The agreement would entail the dissolution of Zimbabwe`s unrec recognition state, Rhodesia, established months earlier by the domestic regime; an agreement between moderate black nationalists and the government of Prime Minister Ian Smith. While Zimbabwe`s Rhodesia was not recognised, the Internal Settlement allowed the majority of blacks (so far the main British claim) and led to the election of the country`s first black prime minister. Mugabe argues that the country remains a problem because of the restrictions imposed by the 1979 Lancaster House Agreement to end white rule in former Rhodesia and Britain`s betrayal of the promises it made to secure a deal. Mugabe and Joshua Nkomo led the delegation of liberation fighters to the talks. From the beginning, Nkomo declared that the return of the country to the majority was central to his cause: “What will be the future of the land of the people?” he asked the British. Another dimension of the Prime Minister`s reconciliation policy was the request to Lord Soames, who managed the country during the three-month transition period, to lead the country with him until independence. As part of a gentlemen`s agreement, Lord Soames remained governor until 18 April 1980, when the Union Jack of the Zimbabwean flag broke up. The answer is that when Britain embarks on an adventure inside the country, it must face, like other explorers, the dangers they will come. It will be able to seek the help of neighbouring countries that have insisted on and contributed to the establishment of a regulation. As with any act of decolonization, what happens after can be planned and monitored, but never controlled. (An impressive contribution of Mr.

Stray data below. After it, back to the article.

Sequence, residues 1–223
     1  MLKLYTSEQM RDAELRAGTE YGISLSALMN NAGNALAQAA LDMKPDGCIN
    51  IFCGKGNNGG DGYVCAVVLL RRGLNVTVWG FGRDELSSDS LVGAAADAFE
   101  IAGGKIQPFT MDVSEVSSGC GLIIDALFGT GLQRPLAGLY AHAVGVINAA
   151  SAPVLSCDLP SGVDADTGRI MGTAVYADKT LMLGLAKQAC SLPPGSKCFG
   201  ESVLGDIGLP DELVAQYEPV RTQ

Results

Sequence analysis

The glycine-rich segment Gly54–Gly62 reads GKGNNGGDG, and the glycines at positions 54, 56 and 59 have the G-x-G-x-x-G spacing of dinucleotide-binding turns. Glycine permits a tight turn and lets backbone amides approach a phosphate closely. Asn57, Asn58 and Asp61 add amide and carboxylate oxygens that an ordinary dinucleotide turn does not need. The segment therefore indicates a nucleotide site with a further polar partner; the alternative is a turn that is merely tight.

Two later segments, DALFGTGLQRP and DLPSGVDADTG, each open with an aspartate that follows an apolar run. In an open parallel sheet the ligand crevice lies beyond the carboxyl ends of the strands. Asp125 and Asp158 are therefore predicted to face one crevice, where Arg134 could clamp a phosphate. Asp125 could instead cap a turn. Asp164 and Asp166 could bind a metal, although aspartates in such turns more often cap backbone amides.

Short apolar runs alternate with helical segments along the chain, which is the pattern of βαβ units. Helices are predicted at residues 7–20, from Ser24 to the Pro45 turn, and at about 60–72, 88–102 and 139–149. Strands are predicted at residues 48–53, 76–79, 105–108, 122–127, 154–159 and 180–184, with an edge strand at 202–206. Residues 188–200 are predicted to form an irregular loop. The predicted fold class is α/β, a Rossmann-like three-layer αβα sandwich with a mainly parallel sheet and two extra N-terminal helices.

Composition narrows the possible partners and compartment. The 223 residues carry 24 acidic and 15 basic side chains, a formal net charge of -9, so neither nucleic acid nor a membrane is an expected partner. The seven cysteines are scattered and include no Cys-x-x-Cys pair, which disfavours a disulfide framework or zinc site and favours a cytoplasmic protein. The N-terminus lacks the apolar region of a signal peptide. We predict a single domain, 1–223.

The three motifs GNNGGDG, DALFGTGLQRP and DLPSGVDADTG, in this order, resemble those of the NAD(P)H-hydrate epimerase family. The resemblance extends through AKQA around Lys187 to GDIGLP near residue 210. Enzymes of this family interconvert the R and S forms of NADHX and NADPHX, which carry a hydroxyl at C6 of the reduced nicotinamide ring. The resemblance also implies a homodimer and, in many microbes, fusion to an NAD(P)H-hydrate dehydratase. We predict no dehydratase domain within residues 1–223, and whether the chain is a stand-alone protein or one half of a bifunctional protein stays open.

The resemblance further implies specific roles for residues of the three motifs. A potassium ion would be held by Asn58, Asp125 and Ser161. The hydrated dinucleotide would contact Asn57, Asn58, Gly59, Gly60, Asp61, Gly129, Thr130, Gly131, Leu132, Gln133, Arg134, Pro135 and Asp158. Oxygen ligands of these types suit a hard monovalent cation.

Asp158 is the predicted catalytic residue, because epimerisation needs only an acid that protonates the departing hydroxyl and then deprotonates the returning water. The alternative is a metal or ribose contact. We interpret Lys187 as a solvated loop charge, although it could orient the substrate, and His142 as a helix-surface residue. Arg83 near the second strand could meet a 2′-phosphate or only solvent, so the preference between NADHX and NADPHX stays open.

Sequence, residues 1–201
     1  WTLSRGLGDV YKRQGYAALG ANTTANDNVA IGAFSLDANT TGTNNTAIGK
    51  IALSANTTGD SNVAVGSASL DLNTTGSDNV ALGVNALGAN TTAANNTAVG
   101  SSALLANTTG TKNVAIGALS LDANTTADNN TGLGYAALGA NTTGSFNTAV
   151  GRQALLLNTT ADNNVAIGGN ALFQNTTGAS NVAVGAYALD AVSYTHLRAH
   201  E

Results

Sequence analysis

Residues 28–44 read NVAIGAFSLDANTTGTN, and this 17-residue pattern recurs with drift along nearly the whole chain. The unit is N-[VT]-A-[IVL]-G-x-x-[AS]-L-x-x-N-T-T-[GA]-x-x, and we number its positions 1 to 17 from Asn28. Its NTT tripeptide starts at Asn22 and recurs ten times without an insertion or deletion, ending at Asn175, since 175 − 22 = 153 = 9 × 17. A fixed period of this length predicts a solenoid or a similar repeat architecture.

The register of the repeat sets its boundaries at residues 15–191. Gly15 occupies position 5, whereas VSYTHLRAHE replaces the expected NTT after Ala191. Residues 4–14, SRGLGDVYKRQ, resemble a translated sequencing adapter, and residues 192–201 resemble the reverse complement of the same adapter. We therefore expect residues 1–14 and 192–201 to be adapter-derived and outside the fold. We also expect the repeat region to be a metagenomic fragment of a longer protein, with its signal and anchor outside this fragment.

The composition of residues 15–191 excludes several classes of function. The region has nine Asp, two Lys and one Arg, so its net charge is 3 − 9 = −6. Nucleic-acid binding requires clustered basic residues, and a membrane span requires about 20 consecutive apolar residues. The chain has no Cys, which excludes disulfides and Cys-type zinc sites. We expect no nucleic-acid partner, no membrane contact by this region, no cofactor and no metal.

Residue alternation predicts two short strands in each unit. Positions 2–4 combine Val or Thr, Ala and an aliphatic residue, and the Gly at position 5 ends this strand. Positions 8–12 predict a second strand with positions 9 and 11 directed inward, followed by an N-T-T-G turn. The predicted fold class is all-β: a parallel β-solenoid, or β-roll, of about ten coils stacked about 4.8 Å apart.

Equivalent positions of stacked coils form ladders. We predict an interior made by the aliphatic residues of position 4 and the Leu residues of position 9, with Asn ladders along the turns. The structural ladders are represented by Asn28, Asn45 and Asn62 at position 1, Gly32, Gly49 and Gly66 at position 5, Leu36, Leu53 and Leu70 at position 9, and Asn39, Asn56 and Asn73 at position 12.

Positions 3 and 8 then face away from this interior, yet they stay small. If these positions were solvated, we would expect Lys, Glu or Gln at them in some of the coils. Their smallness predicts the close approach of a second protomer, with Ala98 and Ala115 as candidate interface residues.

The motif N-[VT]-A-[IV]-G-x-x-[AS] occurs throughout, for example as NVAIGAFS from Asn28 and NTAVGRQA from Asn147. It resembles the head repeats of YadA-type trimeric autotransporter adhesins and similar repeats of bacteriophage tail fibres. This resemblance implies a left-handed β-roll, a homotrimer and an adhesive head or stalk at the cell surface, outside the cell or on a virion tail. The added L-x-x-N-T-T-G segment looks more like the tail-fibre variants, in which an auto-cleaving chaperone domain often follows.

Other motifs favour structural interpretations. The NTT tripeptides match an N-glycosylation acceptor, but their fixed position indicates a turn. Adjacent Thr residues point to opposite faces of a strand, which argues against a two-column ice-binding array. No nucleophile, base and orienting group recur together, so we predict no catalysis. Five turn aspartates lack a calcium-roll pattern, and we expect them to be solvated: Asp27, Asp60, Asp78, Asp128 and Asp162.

Nkomo to this conference was his insistence on a series of agreements that would work, not a sentence that, once on paper, could be discarded.) Therefore, although the British governor controls everything that controls, he will not be able to run the country like a two-month dictatorship. Zimbabweans, black and white, will still have the power to break the deal on the ground. Lord Carrington, UK Secretary for Foreign and Commonwealth Affairs, chaired the conference.  The conference was held from 10 September to 15 December 1979 with 47 plenary sessions. During its deliberations, the conference reached agreement on the following issues: President Kaunda of Zambia would have had a great influence on this outcome, although no compromise formula from this district seems to have survived anywhere in the final agreement. It is probably closer to the truth that President Kaunda, like almost all other parties closely involved, is keen on an all-party settlement and has recognised Lancaster House as the last chance to preserve it. In this case, has there ever been a probability of a “second-class solution”: an agreement between Britain and Bishop Muzoreva alone? Such a solution would likely have satisfied the Lusaka requirements of the Commonwealth heads of government, as the protocol would have shown that Britain had tried the first-class solution and failed. . . .